A plant–microbe interaction framework explaining nutrient effects on primary production

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In most terrestrial ecosystems, plant growth is limited by nitrogen and phosphorus. Adding either nutrient to soil usually affects primary production, but their effects can be positive or negative. Here we provide a general stoichiometric framework for interpreting these contrasting effects. First, we identify nitrogen and phosphorus limitations on plants and soil microorganisms using their respective nitrogen to phosphorus critical ratios. Second, we use these ratios to show how soil microorganisms mediate the response of primary production to limiting and non-limiting nutrient addition along a wide gradient of soil nutrient availability. Using a meta-analysis of 51 factorial nitrogen–phosphorus fertilization experiments conducted across multiple ecosystems, we demonstrate that the response of primary production to nitrogen and phosphorus additions is accurately predicted by our stoichiometric framework. The only pattern that could not be predicted by our original framework suggests that nitrogen has not only a structural function in growing organisms, but also a key role in promoting plant and microbial nutrient acquisition. We conclude that this stoichiometric framework offers the most parsimonious way to interpret contrasting and, until now, unresolved responses of primary production to nutrient addition in terrestrial ecosystems.

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Fig. 1: Concept of nutrient limitation.
Fig. 2: Consequences of differential plant and microbial nutrient limitations.
Fig. 3: Correspondence between the theory and published data.


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This study was supported by the International Program CryoCARB (MSM 7E10073—CryoCARB, Austrian Science Fund (FWF): I370-B17, German Federal Ministry of Education and Research (03F0616A)), project no. GA17-15229S and the SoWa Research Infrastructure funded by MEYS CZ grants LM2015075 and EF16_013/0001782—SoWa Ecosystems Research. S.M. acknowledges support from the Swedish Research Councils, Formas (2015-468) and VR (2016-04146) and the Bolin Centre for Climate Research. J.B., T.U. and H.S. were also supported by Czech Science Foundation project no. 16-18453 S. G.H. acknowledges the Joint Partnership Initiative project COUP and the Swedish Research Council grant no. E0689701 and the project CryoN funded by Academy of Finland (no. 132045). P.C. would also like to thank TES program of the U.S. Department of Energy (DOE) Office of Science, Biological and Environmental Research (BER) for partial support at Pacific Northwest National Laboratory (PNNL). PNNL is operated by Battelle for DOE. X. Xu kindly shared his dataset on microbial biomass elemental composition. We also thank N. Hess and B. Bond-Lamberty for comments and language corrections to this manuscript.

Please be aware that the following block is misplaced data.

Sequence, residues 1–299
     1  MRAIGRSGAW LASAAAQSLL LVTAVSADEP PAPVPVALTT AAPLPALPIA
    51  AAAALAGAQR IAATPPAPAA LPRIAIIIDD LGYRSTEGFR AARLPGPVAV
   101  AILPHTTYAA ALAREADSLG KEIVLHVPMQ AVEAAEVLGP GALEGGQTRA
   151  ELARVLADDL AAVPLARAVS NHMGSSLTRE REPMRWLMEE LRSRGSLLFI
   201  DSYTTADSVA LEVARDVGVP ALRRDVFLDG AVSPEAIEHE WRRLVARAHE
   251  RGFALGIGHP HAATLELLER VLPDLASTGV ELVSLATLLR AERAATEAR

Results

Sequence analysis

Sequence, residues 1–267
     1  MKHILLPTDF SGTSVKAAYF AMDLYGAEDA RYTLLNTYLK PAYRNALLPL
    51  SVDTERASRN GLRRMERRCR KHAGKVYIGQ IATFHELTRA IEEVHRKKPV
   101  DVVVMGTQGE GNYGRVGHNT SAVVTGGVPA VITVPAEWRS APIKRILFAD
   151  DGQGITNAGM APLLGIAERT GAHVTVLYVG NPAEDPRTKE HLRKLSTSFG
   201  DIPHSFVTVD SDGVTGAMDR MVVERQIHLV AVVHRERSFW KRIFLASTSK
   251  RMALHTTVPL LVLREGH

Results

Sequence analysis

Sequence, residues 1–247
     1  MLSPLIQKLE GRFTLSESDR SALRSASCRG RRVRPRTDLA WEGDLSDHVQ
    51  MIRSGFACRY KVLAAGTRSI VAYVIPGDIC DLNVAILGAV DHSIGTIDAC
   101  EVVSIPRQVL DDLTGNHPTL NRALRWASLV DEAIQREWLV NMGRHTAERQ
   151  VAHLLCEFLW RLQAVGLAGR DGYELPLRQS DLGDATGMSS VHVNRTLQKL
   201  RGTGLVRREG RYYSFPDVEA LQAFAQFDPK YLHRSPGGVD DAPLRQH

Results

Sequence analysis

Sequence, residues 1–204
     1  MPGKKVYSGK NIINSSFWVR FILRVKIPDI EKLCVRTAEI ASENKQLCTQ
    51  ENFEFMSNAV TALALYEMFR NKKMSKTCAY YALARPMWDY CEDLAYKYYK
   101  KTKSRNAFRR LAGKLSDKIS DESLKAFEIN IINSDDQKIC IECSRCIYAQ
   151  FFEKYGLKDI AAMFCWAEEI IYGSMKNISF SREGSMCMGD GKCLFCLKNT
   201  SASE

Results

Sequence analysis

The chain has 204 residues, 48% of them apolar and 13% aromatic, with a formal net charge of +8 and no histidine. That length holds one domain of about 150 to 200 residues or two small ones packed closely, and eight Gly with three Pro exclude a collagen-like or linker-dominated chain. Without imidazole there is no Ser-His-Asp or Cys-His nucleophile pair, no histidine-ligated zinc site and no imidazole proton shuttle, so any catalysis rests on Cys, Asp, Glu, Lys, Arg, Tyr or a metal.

Author information

P.C. collected data for meta-analysis and wrote the manuscript. P.C., S.M. and H.S. developed the conceptual framework. Other co-authors conducted a thorough critical review of the manuscript and contributed to manuscript writing.

Correspondence to Petr Čapek.

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Supplementary Table 1

List of studies used in the meta-analysis with corresponding variables extracted from each study (ecosystem type, measured plant characteristic, soil N/P and C/N ratio, microbial critical N/P and C/N ratio, plant critical N/P ratio and dominant plant–microbe relationship).

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Statistical meta-analysis

Step-by-step statistical meta-analysis with detailed additional information.

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